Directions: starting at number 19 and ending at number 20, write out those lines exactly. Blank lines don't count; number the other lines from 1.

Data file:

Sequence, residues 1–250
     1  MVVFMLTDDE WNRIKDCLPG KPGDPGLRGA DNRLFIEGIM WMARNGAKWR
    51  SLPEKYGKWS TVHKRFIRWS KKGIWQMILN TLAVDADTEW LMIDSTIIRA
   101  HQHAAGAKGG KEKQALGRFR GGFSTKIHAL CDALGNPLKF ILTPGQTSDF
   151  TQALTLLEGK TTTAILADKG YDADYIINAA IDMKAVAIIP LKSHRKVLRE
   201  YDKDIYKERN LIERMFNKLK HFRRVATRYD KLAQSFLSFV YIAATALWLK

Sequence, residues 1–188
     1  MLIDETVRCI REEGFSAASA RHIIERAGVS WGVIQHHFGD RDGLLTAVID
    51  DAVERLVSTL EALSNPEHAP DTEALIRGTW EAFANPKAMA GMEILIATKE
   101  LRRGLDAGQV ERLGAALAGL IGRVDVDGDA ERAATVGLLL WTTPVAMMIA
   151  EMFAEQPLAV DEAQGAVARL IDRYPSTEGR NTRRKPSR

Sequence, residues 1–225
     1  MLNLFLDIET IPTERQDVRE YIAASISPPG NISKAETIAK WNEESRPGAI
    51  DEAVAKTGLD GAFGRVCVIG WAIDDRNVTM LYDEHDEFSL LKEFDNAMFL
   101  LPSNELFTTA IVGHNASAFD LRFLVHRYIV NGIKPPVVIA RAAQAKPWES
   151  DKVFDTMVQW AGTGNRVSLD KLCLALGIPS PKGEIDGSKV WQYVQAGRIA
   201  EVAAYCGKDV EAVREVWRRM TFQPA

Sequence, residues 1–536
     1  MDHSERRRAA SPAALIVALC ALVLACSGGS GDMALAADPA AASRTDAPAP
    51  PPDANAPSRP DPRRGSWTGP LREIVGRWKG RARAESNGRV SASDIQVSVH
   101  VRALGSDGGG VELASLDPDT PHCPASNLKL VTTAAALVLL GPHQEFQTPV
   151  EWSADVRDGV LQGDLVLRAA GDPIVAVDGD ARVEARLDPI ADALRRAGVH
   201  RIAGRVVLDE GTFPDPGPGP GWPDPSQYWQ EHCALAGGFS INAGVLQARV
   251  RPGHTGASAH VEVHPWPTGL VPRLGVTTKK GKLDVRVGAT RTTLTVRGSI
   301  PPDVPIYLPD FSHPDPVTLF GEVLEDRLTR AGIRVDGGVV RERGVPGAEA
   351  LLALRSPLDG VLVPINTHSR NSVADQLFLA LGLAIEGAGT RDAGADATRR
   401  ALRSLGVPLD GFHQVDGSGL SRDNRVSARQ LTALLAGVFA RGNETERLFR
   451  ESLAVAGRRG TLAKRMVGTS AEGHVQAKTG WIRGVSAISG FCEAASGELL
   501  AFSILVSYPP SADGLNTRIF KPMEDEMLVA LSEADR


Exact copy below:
     1  MDHSERRRAA SPAALIVALC ALVLACSGGS GDMALAADPA AASRTDAPAP
    51  PPDANAPSRP DPRRGSWTGP LREIVGRWKG RARAESNGRV SASDIQVSVH